MANILA—President Rodrigo Duterte’s promise to end the so-called “endo” – the practice of continuous job contractualization of workers – is becoming a reality with almost 46,000 workers regularized since the start of the administration, Malacañang said Thursday.
In a Palace briefing, Presidential Spokesperson Ernesto Abella said ending “labor only” contracting is a fulfillment of the campaign promise of President Duterte as he cited a Department of Labor and Employment (DOLE) report showing that 45,605 contract workers has been given regular positions from July 2016 to March 2017.
“The President’s campaign promise to end the contractualization has become a reality,” Abella said.
He specifically pointed out DOLE’s Department Order 174 as proof of the Duterte administration full commitment in ensuring that Filipino laborers’ rights are sufficiently protected.
“To support measures in abolishing illegal contractualization practices, DOLE has recently issued Department Order No. 174 on contracting and sub-contracting. It authorizes labor groups along with labor compliance offices to review establishments and observance of existing labor laws and regulations,” Abella said.
On March 16, DOLE issued DO 174 after months of consultations with both labor and management.
A DOLE statement said DO 174 supersedes DO 18-A, which “was oftentimes circumvented to allow various forms of contractual arrangements and end-of-contract schemes.”
The order totally bans labor-only contracting.
It also prohibits the following labor practices:
— When the principal farms out work to a “cabo,” a person or group under the guise of labor organization or cooperative supplies workers to an employer;
— Contracting out of job or work through an in-house agency; contracting out of job or work through an in-house cooperative which merely supplies workers to the principal;
— Contracting out of a job or work by reason of a strike or lockout whether actual or imminent; contracting out of a job or work being performed by union members and such will interfere with, restrain or coerce employees in the exercise of their rights to self-organization;
— Requiring the contractor’s/subcontractor’s employees to perform functions which are currently being performed by the regular employees of the principal;
— Requiring the contractor’s/subcontractor’s employees to sign, as a precondition to employment or continued employment, an antedated resignation letter; a blank payroll; a waiver of labor standards including minimum wages and social or welfare benefits; or a quitclaim releasing the principal or contractor from liability as to payment of future claims; or require the employee to become member of a cooperative;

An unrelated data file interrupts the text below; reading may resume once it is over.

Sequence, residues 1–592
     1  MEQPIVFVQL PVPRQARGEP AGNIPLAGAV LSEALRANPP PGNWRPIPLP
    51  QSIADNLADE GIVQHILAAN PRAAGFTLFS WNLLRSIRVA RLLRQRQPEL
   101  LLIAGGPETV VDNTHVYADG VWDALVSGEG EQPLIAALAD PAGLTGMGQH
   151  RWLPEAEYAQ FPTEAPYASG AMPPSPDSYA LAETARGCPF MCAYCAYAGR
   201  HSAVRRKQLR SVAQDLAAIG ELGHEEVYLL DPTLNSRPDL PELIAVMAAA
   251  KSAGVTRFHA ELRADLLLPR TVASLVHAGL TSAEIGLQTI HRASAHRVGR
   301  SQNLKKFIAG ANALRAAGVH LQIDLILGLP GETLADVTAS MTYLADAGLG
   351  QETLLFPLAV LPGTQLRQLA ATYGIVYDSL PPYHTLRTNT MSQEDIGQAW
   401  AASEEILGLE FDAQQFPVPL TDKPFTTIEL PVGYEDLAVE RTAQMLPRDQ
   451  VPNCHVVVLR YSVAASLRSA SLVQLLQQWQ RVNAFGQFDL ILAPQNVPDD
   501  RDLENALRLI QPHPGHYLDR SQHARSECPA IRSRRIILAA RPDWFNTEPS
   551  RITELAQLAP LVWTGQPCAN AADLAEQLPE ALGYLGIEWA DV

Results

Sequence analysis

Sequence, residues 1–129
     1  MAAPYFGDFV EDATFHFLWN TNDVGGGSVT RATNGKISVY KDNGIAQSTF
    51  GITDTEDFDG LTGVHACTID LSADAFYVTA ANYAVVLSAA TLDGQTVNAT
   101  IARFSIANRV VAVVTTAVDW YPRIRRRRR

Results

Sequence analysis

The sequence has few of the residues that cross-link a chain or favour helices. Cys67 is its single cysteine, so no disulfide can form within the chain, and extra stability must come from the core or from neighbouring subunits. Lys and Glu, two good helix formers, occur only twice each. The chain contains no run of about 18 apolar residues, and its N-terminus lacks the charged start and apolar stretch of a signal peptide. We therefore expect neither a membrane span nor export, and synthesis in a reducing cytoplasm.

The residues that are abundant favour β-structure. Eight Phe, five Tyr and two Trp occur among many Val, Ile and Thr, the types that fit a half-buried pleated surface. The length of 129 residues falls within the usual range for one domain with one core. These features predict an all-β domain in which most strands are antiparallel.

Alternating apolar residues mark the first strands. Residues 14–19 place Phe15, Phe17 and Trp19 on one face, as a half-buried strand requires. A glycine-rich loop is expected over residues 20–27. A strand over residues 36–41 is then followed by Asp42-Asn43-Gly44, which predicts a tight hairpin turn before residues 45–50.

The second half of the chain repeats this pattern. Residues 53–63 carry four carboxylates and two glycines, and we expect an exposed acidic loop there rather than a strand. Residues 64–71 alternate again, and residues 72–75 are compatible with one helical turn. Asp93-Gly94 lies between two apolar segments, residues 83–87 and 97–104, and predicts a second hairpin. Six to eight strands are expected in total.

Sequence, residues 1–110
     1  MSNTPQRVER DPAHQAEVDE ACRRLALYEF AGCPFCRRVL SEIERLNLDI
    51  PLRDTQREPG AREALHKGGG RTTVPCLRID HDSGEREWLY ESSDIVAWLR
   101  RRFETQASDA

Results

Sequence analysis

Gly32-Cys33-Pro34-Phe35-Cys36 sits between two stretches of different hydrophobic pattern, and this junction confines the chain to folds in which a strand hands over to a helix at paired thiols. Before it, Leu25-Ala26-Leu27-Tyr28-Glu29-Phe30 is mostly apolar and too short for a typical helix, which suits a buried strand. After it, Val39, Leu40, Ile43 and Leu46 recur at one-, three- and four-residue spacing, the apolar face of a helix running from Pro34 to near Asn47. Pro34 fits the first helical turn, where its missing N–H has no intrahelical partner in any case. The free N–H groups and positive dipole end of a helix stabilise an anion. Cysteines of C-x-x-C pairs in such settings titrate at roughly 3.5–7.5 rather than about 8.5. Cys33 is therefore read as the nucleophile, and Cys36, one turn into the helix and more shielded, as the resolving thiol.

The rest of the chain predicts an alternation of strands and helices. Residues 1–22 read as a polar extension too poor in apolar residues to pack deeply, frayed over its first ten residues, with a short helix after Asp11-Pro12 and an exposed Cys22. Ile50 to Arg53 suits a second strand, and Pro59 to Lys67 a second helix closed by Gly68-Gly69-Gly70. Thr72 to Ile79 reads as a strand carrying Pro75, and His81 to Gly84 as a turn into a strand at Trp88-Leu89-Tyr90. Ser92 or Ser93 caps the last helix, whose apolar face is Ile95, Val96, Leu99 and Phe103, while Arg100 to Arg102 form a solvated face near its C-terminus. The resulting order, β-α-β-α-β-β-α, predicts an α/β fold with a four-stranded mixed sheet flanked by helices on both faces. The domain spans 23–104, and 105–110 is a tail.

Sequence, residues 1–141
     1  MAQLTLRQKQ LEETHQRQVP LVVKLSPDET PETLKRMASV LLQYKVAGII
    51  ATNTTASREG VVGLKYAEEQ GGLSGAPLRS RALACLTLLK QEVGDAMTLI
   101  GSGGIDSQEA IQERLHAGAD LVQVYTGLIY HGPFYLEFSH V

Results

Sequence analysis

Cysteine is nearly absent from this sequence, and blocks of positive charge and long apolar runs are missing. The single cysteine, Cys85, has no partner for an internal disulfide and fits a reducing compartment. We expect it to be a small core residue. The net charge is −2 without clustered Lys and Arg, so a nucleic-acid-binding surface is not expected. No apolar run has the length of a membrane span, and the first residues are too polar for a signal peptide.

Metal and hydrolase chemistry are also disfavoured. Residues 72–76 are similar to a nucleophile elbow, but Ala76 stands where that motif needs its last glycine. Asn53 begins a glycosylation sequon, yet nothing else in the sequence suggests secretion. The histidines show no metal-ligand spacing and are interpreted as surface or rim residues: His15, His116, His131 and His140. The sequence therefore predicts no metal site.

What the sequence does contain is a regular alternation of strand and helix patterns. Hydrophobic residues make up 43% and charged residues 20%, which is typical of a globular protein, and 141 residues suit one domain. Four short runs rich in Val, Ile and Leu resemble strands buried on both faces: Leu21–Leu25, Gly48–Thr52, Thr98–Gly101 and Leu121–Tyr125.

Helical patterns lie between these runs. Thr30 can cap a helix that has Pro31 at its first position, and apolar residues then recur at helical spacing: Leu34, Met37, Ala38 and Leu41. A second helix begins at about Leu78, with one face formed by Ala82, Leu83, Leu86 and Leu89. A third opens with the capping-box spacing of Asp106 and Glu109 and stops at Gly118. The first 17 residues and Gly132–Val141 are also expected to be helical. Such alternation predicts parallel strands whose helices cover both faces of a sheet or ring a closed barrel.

— Repeated hiring by the contractor/subcontractor of employees under an employment contract of short duration;
— Requiring employees under a contracting/subcontracting arrangement to sign a contract fixing the period of employment to a term shorter than the term of the service agreement, unless the contract is divisible into phases for which substantially different skills are required and this is made known to the employee at the time of engagement; and
— Such other practices, schemes or employment arrangements designed to circumvent the right of workers to security of tenure.
Following its issuance, Malacañang said that DO 174 “is a major step in upholding and protecting the labor rights of our great Filipino workers” and all parties to ensure the proper implementation of the order.
“The Duterte administration is working very hard to promote more humane conditions and fair and just treatment of workers in the work place. We guarantee the proper implementation of this department order by our labor officials and expect the full cooperation from the employers,” Abella said at the time.
And now with almost 46,000 regularized laborers and counting, the Palace Spokesman assured that the Duterte administration would not waver on its commitment to end “endo” once and for all.
“We remain committed to provide stable and secure jobs for the Filipino people,” Abella said.